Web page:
But something softened my heart over the past few years. Part of it is being so long from having little ones around. Part of it is turning fifty and wondering about some of the things I've not done in my life.

Every one of my best friends has been or is a dog owner. My life long friend Sherri had two dachshunds when we were in high school. My friend Tami had, until old age took her last year, a yellow lab. My friend Sherrie has her family dog who is her husband's hunting buddy. My friend Sally was absolutely nuts over her two cats and dog, spending thousands of dollars and tons of time nursing her dog through old age. He had to be put down shortly after Sally died.

If all these people, who I love and admire, like dogs, then there must be something special about having a dog. Did I want to try it, at least once?

These were the thoughts swirling in my brain, privately, in December, 2008. I tentatively mentioned the idea of getting a dog to my younger son, the only child still living at home. When he was little and wanted a dog, we always told him we would get him a dog when his brother and sisters were gone and he was home alone. So did he want a dog now? I asked him to think about it and, of course, hounded him for an answer.

He didn't seem particularly enthusiastic about the idea. I kept at him, wanting him to make a decision for me. A friend's dog was having puppies around Christmas time and that would give us plenty of time to prepare and educate ourselves for dog ownership in February. I showed him pictures of what the puppy would look like - a cross between a poodle and a cocker spaniel. The bottom line? My son said "meh." He was neutral about getting a dog, particularly a girly "cockapoo." If he was choosing a dog, he preferred a dog that looked like a husky.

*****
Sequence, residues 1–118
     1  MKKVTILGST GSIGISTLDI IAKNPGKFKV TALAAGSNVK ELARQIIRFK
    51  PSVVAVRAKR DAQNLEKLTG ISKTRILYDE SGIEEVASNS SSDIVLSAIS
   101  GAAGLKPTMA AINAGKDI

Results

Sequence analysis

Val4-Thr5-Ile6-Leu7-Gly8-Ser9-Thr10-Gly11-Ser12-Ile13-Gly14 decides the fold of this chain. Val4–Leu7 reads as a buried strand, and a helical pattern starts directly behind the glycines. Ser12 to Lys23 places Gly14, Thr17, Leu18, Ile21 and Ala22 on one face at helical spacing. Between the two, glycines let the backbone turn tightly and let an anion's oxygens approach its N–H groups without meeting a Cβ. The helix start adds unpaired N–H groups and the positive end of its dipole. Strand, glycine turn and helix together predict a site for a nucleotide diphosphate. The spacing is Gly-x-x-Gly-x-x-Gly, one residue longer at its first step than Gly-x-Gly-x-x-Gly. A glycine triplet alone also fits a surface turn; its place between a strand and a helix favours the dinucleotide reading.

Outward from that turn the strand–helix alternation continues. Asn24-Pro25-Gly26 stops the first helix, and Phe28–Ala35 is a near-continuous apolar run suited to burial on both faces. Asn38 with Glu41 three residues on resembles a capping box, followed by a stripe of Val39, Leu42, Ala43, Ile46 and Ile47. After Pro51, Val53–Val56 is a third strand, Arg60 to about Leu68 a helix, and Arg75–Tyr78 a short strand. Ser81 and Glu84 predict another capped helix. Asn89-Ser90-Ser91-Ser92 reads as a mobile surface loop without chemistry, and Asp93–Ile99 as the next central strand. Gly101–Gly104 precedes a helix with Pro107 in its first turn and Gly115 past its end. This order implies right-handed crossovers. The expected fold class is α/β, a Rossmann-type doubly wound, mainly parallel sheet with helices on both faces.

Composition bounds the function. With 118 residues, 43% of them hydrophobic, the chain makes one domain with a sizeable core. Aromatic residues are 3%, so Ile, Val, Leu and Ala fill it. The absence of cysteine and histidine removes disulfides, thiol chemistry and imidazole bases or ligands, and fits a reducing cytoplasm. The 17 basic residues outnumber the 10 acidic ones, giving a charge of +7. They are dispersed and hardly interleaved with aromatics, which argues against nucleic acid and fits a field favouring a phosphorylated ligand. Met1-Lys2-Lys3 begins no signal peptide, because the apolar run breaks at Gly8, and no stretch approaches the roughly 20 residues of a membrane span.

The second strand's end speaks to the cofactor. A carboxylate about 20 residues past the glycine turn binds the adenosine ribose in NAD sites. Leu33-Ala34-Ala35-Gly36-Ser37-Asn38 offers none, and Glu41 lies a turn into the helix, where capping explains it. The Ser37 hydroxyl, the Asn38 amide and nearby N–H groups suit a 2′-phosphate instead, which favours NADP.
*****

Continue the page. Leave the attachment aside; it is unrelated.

But husky type dogs are big and shed a lot. Cockapoos are smaller, don't shed, are friendly, easily trained and good for people with allergies. What else matters?

Finally he said, "Mom, it's okay to get a dog if you want to get a dog. I don't really care." But how could I want a dog? I'd always disliked dogs. Was I crazy to want to get a dog when no one else in the family was that interested? It's not like any of us were just sitting around twiddling our thumbs.

Talking it over with my husband, he said go ahead, don't worry about it. So in a matter of days I went from detesting dogs to determined to own a dog. (I usually don't waste time on decisions.)

On the Friday before Christmas I went to the local pet store. They happened to have an older cockapoo puppy that I could show Wiley in order to get him more interested in the upcoming litter. Then I noticed an unlabeled puppy in the window. It looked just like a husky. I visited with each puppy. They were both unbelievably cute and friendly. The husky type puppy, I learned, was a shiba inu. In all my internet research, I had not run across mention of a shiba inu.

Back at the house I researched. Shiba inus are small, fastidious, cat-like, spirited, loyal to their owners, smart and sassy. That sounded good. They don't drool and don't have an odor. That sounded very good. They shed heavily twice a year. Okay, that's manageable. I conveniently glossed over the reports that shiba inus are not recommended for first time dog owners and shiba puppies are often described as "feisty little furballs from hell."